Jodhpurs are tight-fitting trousers that reach to the ankle, ending in a snug cuff, and are worn predominantly for horse riding.
Back in time, Jodhpurs were flared above the knee and tighter-fitting below. In modern times the advent of stretchy, comfortable fabrics allows them to be tight yet flexible throughout.
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Where Did Jodhpurs Come From?
For those who do not know, jodhpurs are tight-fitting pants that horseback riders wear when riding English style. They go from the waist down to the ankle. These pants were not always tight-fitting or the length of each leg. These loose-fitting riding pants originated in the city Jodhpur, India around the 1890s.
The jodhpur comes from an ancient style of Indian trousers called the Churidar, which are tight around the calf and baggy at the hips. In Jodhpur, India they used the same style and created a pant suitable for riding. These pants are slightly different from the tight hip-hugging riding pant styles that we see today.
Sir Pratap Singh, son of the Maharaja of Jodhpur, India first introduced these riding trousers to England. Singh was an avid polo player and when he visited Queen Victoria in 1897, he brought his entire polo team with him. The jodhpurs that were worn by him and his team caused a sensation among the fashionistas of the United Kingdom. Singh’s jodhpur style had a flared thigh and hip and tight at the calf, was quickly taken up by the British polo-playing community, who then changed the jodhpur to its existing design much like the English breeches that end at the bottom of the calf and are worn with socks and tall riding boots.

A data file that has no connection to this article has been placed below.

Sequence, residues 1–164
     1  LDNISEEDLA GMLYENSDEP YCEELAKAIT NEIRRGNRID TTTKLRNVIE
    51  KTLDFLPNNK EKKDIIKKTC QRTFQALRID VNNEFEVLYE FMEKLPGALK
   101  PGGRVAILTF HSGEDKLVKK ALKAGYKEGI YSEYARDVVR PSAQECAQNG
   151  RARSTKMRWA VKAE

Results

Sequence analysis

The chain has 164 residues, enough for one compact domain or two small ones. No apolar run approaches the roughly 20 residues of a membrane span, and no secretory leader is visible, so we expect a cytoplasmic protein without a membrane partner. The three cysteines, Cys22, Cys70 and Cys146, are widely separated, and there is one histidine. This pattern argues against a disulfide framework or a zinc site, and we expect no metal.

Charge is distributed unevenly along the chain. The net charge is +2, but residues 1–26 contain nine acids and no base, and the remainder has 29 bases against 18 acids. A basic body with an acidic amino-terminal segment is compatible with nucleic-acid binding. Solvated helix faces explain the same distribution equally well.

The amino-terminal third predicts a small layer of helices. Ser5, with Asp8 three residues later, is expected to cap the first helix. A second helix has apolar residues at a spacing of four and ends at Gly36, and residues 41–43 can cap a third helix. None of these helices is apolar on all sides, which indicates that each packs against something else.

Though the term “jodhpurs” was used for this style of breeches, though these are not true jodhpurs and were more accurately called “flared-hip breeches”. The British versions of these riding pants were soon being produced in London. The use of the Indian-style, ankle-length Jodhpurs helped riders save money and not have the need for tall expensive riding boots. The calf of the leg was protected by the newly designed and snug lower fit of the longer pant leg which helped to keep the rider’s calf from rubbing against a horse’s sides and against the stirrup leathers.
Breeches and JodhpursToday
There have been several changes made to the original jodhpur to help those who wear them; which include a pattern cut with the leg seams on the outside of the leg and a patch on the inside of the knee usually made material such as suede, which helps the rider stick to the saddle. The classic jodhpur colours are beige or white, also come in a variety of other colours. These jodhpurs are well-suited for children who ride in paddock boots.
Jodhpur boots, also called paddock boots, are worn with the jodhpurs, as well as half-chaps which provide the same functions and look of a tall riding boot. The word “jodhpurs” is often used interchangeably with riding breeches, though this is technically incorrect, as breeches are similar to jodhpurs, but come down to only about mid-calf, designed to be worn with long socks and tall boots. Jodhpurs are ankle length and worn with short, ankle-high Jodhpur boots, also known as Paddock Boots, sometimes with knee-length half-chaps or leggings.
So What’s the Difference?
- Jodhpurs are full-length riding trousers and are meant to be worn with paddock boots, mainly used by children in today’s horse world 12 years and younger.
- Breeches are similar to today’s Capri pants. Breeches finish below the calf and are meant to be worn with long socks and tall boots or paddock boots with half chaps, mainly worn by adults and riders over the age of 13.